Georgia Doing Martin Schuster Haley Clougherty Aidan Blansfield Gus Meissner Zoë Falk Abigail Yandell Dillon Badger Shea Vaccaro Lilianna Susskind Brian Schmidt Amanda Mullen Ariana Taylor Dieter Ulken PJ Friel Michelle Crocetti Jazmin Ment Matthew McLean Will Talbot Piper Tasoulas

Haiti

HELPING

In light of the recent devastating earthquake in Haiti, a few High Mowing students decided to help. Robbie von Kampen ‘11, Blue Sky ‘11, Syd Oliver ‘13, Hillary Renaud ‘13, Allison Hill ‘13, Amber Johnston ‘11, Zoë Falk ‘10, Madeleine Duchêne ‘12 and Nelly Schläefereit

‘11 ordered tote bags, t-shirts and tank tops, which they screen-printed and sold at Winterfest. They are still taking orders and have just received a fresh batch of totes and shirts. If you would like to place an order (for an extra $5, we ship!) contact Allison Hill.

More Notes from High Mowing School

|

www.highmowing.org

| February 25, 2010

|

5


More Notes Classroom Updates

Sweet Thoughts February 14 was a day dedicated to love. The sophomores planned events throughout the day to remind us of the theme. Following tradition, Advisors made valentines for their Advisees. These were hung on a tree, in the Big Room. There was also a wishing well for student valentines, which were delivered throughout the day. — Dianna Normanton

TRIMESTER TWO GRADES will be sent out to parents at the beginning of the week of March 15.

More Notes from High Mowing School

|

www.highmowing.org

| February 25, 2010

|

6


More Notes Measure for Measure: the junior play The juniors are still in their Shakespeare block, preparing for their performance of Measure for Measure, a rarely produced play that has never been presented at High Mowing. Here are a few photos from a recent rehearsal. Of special note is the fact that this fell on “Super Hero” day at the school, which explains the dress of a few of the performers. There will be a performance for parents and other community members on February 25 at 7:30 p.m. We hope to see you there! — Wendy Bruneau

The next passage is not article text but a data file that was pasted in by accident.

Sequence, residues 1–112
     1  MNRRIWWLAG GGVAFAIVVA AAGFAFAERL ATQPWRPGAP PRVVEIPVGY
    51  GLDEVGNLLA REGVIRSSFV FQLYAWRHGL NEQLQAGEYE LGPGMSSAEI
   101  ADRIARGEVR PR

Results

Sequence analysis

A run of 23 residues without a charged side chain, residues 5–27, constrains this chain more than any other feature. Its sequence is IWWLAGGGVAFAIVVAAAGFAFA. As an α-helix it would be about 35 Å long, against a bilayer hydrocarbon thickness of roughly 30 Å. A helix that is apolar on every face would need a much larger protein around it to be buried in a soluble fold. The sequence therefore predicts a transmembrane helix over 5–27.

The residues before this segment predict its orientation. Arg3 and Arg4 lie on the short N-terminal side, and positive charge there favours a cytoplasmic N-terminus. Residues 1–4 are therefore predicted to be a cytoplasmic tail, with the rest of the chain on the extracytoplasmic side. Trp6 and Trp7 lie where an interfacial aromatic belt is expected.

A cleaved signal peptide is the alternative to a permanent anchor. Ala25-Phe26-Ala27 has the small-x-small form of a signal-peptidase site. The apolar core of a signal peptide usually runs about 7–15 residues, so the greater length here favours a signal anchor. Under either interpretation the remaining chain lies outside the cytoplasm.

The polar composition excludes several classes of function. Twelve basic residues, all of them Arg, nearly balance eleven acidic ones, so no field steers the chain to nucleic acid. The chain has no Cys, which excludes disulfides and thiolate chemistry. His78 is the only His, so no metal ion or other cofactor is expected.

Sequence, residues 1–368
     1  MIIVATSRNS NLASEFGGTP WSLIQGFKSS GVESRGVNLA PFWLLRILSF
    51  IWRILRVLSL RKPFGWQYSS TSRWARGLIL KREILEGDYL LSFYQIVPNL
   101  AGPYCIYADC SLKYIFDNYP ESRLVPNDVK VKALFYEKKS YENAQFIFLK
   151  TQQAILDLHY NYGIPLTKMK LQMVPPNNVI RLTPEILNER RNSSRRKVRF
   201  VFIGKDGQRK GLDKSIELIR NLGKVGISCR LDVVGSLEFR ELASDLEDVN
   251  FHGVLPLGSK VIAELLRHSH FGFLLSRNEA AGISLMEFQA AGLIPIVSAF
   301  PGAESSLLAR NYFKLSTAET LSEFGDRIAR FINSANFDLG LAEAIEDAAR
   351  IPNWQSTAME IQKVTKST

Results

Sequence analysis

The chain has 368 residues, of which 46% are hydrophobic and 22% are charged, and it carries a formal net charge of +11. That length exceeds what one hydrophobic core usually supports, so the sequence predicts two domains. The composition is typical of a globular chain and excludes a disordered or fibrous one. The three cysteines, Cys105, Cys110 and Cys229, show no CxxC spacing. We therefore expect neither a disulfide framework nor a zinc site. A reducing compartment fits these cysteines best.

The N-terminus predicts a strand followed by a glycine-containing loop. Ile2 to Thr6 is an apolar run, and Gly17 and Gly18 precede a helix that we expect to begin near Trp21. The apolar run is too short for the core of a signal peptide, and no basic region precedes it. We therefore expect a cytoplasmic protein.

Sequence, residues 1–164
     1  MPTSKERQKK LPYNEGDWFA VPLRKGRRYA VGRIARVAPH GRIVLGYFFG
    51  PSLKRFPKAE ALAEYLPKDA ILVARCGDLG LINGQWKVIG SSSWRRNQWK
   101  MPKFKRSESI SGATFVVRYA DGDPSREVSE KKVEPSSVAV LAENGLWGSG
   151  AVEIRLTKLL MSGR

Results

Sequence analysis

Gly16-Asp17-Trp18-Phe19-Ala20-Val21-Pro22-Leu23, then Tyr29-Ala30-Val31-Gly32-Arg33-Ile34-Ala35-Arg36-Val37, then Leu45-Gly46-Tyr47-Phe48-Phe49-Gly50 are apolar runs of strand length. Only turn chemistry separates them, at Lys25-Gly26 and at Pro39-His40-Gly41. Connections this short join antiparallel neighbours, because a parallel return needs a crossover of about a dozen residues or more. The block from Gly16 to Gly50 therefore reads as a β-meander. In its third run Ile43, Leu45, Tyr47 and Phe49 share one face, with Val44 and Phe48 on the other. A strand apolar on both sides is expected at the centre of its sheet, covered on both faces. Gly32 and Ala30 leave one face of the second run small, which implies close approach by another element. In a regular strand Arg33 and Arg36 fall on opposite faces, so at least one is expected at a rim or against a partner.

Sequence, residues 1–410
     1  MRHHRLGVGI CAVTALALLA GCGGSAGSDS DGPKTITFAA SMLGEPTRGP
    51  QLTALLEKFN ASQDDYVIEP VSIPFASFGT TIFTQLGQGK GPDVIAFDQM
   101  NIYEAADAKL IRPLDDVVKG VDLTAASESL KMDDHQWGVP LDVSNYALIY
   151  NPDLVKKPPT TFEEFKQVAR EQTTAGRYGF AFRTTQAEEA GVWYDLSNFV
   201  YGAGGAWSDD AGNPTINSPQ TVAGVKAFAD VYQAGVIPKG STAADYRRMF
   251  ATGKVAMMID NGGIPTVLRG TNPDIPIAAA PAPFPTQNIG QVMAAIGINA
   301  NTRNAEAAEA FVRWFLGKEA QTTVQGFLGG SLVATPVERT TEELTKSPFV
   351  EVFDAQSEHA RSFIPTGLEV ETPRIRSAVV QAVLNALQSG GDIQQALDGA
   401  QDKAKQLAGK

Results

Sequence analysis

CRAFTING A PERFORMANCE: The juniors rehearse

Measure for Measure, under the guidance of Stephen Chalmers and Wendy Bruneau (to the right). Clockwise from the top: Max Wilson, Carly Abrahams-Dematte, Alex Petakov, Phoebe Bourdon and Mikel Diazgoñi Proal go over their lines. Roze Bradshaw and Phoebe await their scenes. Carly and Seamus Conley rehearse. And, Rose Durnan and Max practice a scene. In the background: Rose at dress rehearsal.

More Notes from High Mowing School

|

www.highmowing.org

| February 25, 2010

|

7


More Notes Classroom Updates continued

SENIOR PROJECTS: This year’s topics cover a wide range, from artistic therapies for autism to a feasibility study for using wind power at High Mowing!

Senior Research Papers The seniors have been working since the beginning of the year on their research papers. This is a major undertaking involving months of research and writing on a topic of each student’s choice. After numerous drafts and much editing and polishing, the students are getting ready to present their papers. On March 16, each student will present her paper in a 10-minute oral report. The sessions will be attended by a panel of three evaluating faculty members—and the juniors, to get an idea of what will be expected of them next year. Later, on April 2 at 7:00p.m., the seniors will assemble in the Big Room for an ‘expo’ showcasing all their hard work. Every student will have his or her paper available for inspection, as well as a visual presentation of the work done for their project. This year will even include a circus arts performance! Parents and other community members are warmly invited to attend the evening. —Wendy Bruneau

Upcoming Model United Nations High Mowing will hold its second annual Model United Nations Conference on Saturday, March 27. The conference will open at 9:00a.m. and close at 9:00p.m.

ADMISSIONS:

Re-enrolling

Students

The Admissions Office will mail Enrollment Agreements (including tuition assistance awards) to parents of students that are currently enrolled at High Mowing on March 10. Please sign and return the Enrollment Agreement (with registration fee) to the Admissions Office by April 12, 2010, to reserve your student’s space for the upcoming school year.